Be­yond The Sea

This week, Ryan checks out the ethe­real ex­plo­ration game Sea Of Soli­tude, and looks ahead to next year’s Star Wars: Bat­tle­front 2...

Micro Mart - - Specialists -

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We may be more used to slay­ing mon­sters than be­friend­ing them in our games, but then again, there’s much that’s en­thrallingly dif­fer­ent about Sea Of Soli­tude, the forth­com­ing ex­plore-em-up from Ber­lin­based Jo-Mei Games. It’s a sin­gle-player ad­ven­ture that takes place in a sub­merged fan­tasy world that looks more like a wa­ter­colour than a typ­i­cal sand­box game; if you’ve played ThatGameCom­pany’s ab­sorb­ing PlayS­ta­tion 3 ti­tle Jour­ney, you’ll recog­nise the soft-fo­cus, dream­like at­mos­phere Jo-Mei has man­aged to cre­ate.

The game’s pro­tag­o­nist is Kay, a young girl who sails around a seem­ingly de­serted sunken me­trop­o­lis. Ac­cord­ing to Jo-Mei’s creative head Cor­nelia Gep­pert, Kay’s lone­li­ness and iso­la­tion is wont to turn her into a mon­ster; “The story is about find­ing out what hap­pened to her,” Gep­pert says, “and work­ing out how to turn her back into a hu­man be­ing.”

As Kay tra­verses the world in her lit­tle boat, she’ll en­counter other mon­sters: one looks like a huge black whale; an­other re­sem­bles a giant bird of prey, perched men­ac­ingly on the re­mains of a build­ing jut­ting out of the sea. Each one of these mon­sters, Gep­pert con­tin­ues, was once a hu­man, too: they’re also suf­fer­ing from dif­fer­ent kinds of lone­li­ness. Kate's – and the player’s – task is to progress the story by find­ing out what hap­pened to them, and how they can be re­turned to their hu­man form.

The pres­ence of Kate and her boat will change the weather sys­tems around each mon­ster, so if one of them’s sur­rounded by rain and fog, say, then Kate’s ap­proach will re­place it with rays of sun­shine. As prob­lems are solved and mon­sters are trans­formed, the wa­ter level will also drop, re­veal­ing a bit more of the city be­neath the waves.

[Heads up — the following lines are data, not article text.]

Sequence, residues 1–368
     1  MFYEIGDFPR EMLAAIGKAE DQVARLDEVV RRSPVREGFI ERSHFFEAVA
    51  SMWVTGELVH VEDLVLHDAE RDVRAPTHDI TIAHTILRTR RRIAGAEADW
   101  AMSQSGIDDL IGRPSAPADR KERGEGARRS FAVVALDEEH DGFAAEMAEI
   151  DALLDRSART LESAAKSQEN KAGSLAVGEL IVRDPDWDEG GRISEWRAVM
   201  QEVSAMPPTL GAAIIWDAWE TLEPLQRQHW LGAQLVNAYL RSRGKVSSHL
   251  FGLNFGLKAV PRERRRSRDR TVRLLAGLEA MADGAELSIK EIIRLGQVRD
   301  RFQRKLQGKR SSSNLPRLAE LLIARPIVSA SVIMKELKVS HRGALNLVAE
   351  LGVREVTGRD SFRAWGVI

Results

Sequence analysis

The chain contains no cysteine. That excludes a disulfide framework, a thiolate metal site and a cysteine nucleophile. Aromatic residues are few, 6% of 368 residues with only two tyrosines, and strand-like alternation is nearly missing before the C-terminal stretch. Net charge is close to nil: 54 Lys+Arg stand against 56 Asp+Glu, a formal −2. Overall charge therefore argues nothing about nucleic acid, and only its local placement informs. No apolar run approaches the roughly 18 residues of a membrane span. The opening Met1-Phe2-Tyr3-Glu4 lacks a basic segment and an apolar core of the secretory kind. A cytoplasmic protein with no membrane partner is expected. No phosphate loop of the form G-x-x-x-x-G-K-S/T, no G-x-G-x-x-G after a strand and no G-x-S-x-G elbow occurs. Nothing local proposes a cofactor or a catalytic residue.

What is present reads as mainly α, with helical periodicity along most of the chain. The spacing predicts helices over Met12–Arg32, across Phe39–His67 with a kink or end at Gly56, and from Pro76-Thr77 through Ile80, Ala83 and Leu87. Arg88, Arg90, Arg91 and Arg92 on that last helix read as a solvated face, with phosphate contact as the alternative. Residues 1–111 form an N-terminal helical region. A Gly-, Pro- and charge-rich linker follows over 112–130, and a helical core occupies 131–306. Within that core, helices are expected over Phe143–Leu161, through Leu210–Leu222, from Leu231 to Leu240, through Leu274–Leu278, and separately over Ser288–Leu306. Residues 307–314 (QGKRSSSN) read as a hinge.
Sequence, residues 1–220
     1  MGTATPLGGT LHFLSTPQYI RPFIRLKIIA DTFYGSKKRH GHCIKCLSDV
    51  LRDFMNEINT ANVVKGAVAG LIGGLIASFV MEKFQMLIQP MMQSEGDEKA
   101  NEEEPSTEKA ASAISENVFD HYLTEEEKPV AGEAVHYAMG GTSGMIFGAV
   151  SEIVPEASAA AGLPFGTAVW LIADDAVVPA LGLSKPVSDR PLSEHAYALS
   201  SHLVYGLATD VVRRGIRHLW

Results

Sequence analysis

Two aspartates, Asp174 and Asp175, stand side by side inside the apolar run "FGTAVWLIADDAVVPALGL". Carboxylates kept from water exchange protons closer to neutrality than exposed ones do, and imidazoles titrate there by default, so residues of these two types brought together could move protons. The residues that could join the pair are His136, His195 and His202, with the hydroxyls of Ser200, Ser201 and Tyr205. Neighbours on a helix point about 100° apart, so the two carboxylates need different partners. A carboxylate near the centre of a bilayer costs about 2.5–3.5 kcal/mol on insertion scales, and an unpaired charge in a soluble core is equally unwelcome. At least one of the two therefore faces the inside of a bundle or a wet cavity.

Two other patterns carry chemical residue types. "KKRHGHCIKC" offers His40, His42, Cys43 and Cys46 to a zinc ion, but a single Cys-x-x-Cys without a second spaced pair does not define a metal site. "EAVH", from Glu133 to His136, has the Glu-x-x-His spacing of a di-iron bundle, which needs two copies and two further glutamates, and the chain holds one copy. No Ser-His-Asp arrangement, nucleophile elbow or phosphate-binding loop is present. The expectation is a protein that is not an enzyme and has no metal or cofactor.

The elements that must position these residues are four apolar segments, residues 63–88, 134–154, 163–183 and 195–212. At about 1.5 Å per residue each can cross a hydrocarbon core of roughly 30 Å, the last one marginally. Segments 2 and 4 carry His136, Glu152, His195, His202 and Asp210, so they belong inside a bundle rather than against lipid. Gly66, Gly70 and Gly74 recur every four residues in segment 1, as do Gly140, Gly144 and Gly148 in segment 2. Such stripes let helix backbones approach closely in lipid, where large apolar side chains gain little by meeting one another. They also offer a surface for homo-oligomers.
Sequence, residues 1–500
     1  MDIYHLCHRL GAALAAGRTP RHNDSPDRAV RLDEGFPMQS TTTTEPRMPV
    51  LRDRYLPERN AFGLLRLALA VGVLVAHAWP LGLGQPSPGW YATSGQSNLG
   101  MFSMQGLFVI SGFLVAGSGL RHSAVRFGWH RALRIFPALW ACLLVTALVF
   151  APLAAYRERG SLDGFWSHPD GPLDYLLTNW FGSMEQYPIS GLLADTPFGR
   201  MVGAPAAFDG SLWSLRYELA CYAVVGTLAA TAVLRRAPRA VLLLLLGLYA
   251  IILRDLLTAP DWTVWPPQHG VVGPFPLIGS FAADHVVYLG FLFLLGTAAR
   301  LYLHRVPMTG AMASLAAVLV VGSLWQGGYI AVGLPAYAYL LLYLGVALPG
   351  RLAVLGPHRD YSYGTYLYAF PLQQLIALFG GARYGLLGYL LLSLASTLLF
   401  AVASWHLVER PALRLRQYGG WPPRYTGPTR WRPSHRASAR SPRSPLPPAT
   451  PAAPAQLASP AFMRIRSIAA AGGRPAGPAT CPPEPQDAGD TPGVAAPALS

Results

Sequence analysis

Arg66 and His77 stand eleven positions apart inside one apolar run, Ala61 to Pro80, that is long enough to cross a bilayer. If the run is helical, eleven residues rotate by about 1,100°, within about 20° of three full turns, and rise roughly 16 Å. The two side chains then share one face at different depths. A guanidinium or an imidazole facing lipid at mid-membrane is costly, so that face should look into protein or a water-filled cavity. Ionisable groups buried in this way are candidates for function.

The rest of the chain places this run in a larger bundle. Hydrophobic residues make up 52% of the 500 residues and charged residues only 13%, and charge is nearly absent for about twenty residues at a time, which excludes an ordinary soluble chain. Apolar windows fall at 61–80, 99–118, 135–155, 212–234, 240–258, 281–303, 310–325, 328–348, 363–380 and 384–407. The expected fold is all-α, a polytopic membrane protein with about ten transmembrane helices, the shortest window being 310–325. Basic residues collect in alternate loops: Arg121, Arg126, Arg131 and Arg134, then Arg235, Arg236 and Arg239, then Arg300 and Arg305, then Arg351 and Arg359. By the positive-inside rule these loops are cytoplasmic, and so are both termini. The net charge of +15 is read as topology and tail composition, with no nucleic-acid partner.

Log­ging Off

It’s al­ready a beau­ti­ful-look­ing game, in­spired, Gep­pert says, by an af­fec­tion for Ja­panese cul­ture: Kon­ami’s clas­sic Silent Hill se­ries, and the med­i­ta­tive an­i­ma­tion of Stu­dio Ghi­bli and its leg­endary film­maker, Hayao Miyazaki. Plenty of artists and de­sign­ers in the west have been in­spired by those very things, but we can’t think of an­other game that puts Miyazaki and Silent Hill to­gether; the re­sult is a gen­tle fan­tasy with streaks of in­ten­sity and fore­bod­ing.

At this early stage, we can’t speak for the game’s me­chan­ics - there are puz­zles and ac­tion, we’re told, but we don’t yet know how they’ll pan out - but in terms of de­sign and sub­ject mat­ter, Sea Of Soli­tude cer­tainly looks unique. “When hu­man be­ings get too lonely," When Mi­cro Mart first went on sale in 1985, it was the year of Su­per Mario, Gaunt­let, Gra­dius, the Com­modore Amiga and Atari 520ST. The mag­a­zine's rid­den the crest of change for the past 31 years, and now, re­gret­tably, it's time to sign off. Thanks to ev­ery­one at Mi­cro Mart for let­ting me write these gam­ing pages for so long, and thanks es­pe­cially to you, gen­tle read­ers, for join­ing us on our odyssey through 31 years of tech, gam­ing and strange pe­riph­er­als. It's been an hon­our.

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